Words: Clive Goldthorp Photographs: Simon Davies/Pegasus Photographics
MG’s choice of the Goodwood Motor Circuit as the venue for the Media Launch of the new MG6 Magnette, the saloon version of the MG6 GT, was particularly apt – Lord March’s grandfather, Freddie, raced one of the original MG K-Type Magnettes back in the early 1930s and was the then MG Car Company Limited’s first Racing Manager.
However, the presence of a 1956 MG ZA Magnette and a 1958 MG ZB Magnette Varitone outside the circuit’s Old Control Tower sent a very clear message about how MG Motor UK intends to position the 6 Magnette in the marketplace when the car reaches UK showrooms next month – based on feedback from Customer Clinics held last year, the company sees the 6 Magnette as an affordable alternative to sports saloons such as the Alfa Romeo 159, Audi A4 and BMW 3 Series or, looking ahead, the mooted, next-generation Audi A3 Saloon. The key question then is: how realistic are MG Motor UK’s ambitions for the 6 Magnette?
In The Showroom
Like the MG6 GT, the 6 Magnette straddles the conventional C and D market segments and so has the advantage of being larger and more spacious than cars in the C-segment but more compact than most D-segment competitors – that, MG Motor UK claims, broadens the potential customer base and offers them a value for money proposition.
The three trim levels, S, SE and TSE, mirror the 6 GT’s but with several specification enhancements whilst metallic paint is the only optional extra. S and SE models run on 17in alloys while the range-topping TSE has 18in alloys. Standard S trim includes electronically controlled air conditioning, all round electric windows, ICE consisting of a radio with RDS, CD player, MP3, USB and aux-in capability and a rear, boot-mounted spoiler.
The SE trim adds satellite navigation, front and rear parking aides, cruise control and one-touch operation for the front windows. The TSE’s ‘class-leading’ features include Graphite Grey leather sports seats, a full colour satellite navigation system, a reverse parking camera, one-touch operation for all the electric windows, the addition of Bluetooth, electronic dual-zone climate control and an electric glass sunroof.
The MG6 Magnette will be available in seven external colours: Pitch Black, Regal Red, Union Blue, Granite Grey, Platinum Silver, Arctic White and Champagne, which is exclusive to the Magnette. The on the road prices at launch are: S – £15,995, SE – £17,495 and TSE – £19,995 – all three versions are scheduled to reach MG’s now expanding Dealer Network by mid-July.
Interestingly, both an Audi A4 1.8 TFSi and a BMW 320i SE Saloon would come out at around £33,000 on the road if ordered with the same level of equipment as the MG6 Magnette 1.8T TSE – those figures certainly do seem to give weight to MG Motor UK’s assertion that the 6 Magnette will be an affordable proposition.
On The Road
The Union Blue (why do we keep picking that colour at AROnline?!) MG6 Magnette 1.8T TSE which MG’s PR and Events Manager, Doug Wallace, allocated to us handled and rode as well as one would expect having read Keith Adams’, recent articles on the MG6 GT. See: First Drive: MG6 GT 1.8T TSE, AROnline, 15 March 2011 and My motoring week: AROnline and the MG6 GT, AROnline, 20 May 2011. That said, most of the A- and B-roads on the 40 mile route through West Sussex were impressively smooth and pothole free but the 6 Magnette still proved an engaging partner even if, perhaps, a tad less agile than the 6 GT. You would probably have to drive the two models round the same route back-to-back to discern any precise differences.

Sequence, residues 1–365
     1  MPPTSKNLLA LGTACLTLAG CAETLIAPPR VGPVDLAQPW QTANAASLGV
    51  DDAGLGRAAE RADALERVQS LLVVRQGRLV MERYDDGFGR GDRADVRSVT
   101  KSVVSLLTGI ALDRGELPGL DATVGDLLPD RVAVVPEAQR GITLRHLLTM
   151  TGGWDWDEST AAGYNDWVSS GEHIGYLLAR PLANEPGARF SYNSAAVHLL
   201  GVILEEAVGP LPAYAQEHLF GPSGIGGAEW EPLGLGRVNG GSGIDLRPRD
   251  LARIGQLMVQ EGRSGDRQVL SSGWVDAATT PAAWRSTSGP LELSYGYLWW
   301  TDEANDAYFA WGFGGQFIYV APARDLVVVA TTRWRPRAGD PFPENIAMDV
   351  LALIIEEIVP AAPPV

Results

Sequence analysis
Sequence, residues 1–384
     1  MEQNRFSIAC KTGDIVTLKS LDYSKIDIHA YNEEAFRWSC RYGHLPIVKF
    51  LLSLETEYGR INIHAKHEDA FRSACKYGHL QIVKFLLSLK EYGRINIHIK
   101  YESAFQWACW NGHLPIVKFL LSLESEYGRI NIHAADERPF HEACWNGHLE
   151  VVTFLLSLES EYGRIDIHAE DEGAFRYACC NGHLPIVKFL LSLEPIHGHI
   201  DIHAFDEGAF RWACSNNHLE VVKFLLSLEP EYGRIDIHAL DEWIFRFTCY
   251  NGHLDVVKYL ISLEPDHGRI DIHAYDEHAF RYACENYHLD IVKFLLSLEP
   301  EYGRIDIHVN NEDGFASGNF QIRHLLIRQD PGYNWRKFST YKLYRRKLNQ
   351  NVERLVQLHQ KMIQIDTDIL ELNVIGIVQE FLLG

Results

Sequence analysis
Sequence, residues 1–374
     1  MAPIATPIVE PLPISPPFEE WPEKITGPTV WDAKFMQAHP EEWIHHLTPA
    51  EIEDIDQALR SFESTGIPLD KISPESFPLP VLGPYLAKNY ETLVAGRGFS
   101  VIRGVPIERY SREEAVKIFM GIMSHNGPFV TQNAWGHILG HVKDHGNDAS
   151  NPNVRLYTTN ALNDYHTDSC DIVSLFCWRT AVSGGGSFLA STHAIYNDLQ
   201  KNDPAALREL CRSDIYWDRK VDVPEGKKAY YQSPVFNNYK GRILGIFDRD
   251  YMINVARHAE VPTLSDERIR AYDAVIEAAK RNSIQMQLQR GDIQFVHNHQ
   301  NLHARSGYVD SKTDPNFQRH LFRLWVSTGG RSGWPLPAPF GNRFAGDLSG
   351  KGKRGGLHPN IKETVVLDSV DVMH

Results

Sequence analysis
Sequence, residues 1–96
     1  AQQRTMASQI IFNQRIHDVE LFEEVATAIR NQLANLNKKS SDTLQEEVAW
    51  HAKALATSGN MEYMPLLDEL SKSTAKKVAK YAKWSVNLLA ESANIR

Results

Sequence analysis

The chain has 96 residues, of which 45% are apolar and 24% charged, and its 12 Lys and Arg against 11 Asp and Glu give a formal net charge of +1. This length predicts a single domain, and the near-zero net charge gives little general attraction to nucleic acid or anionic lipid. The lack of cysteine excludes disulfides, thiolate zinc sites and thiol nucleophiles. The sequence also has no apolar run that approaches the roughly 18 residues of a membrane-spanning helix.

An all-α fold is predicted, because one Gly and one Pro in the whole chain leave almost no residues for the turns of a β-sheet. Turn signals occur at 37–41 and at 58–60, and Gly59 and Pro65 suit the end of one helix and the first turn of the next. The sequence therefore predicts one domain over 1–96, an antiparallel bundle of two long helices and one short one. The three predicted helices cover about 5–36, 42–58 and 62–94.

MG Motor UK claims that the 6 Magnette covers 0-60mph in 8.4 seconds and, while we were unable to verify that, the time does feel about right on a subjective level. However, the five-speed gearbox might preclude a spirited driver from achieving that time – admittedly our car had only done around 500 miles or so but the gearbox did feel rather notchy and that made finding a rhythm on some of the twistier B-roads difficult. Mind you, the gearbox in the 6 GT 1.8T SE which we borrowed from Chester-based MG Dealer, Graham Walker Limited, recently was much better so the problem was probably down to our particular car.
The design and operation of the MG6 GT’s handbrake has also come in for some criticism elsewhere in the motoring media. Unsurprisingly, given the short time between the two launches, that design has been carried over to the MG6 Magnette. However, anyone who can remember the Alfa Romeo 75’s palm-pinching affair would probably not have any problems with the operation of the handbrake in the MG6 – we reckon that most potential MG6 owners would soon adapt and become used to the procedure…
AROnline still plans to take a closer look at how both versions of the MG6 stack up against the competition in the showroom at some point during the coming weeks. However, given that both the 6 GT and 6 Magnette are, at least initially, being pitched primarily at retail customers, we still have concerns about both models’ likely real-world residual values.
MG can justifiably claim that the 6 Magnette does provide an affordable alternative to, say, an Audi A4 or BMW 3 Series with a similar specification but both those models have pretty rock-solid residuals. Depreciation data for the MG6 GT 1.8T TSE published by one of Britain’s leading motoring weeklies recently suggests that term might not apply to the MG6’s residuals…
A final point: Lord March, who joined the Journalists invited to the Media Launch for lunch, was asked whether or not he had driven an MG6 and replied: ‘No, I haven’t yet, but I’m looking forward to doing so.’ We rather think that the guys at MG Motor UK might just have missed a trick there!
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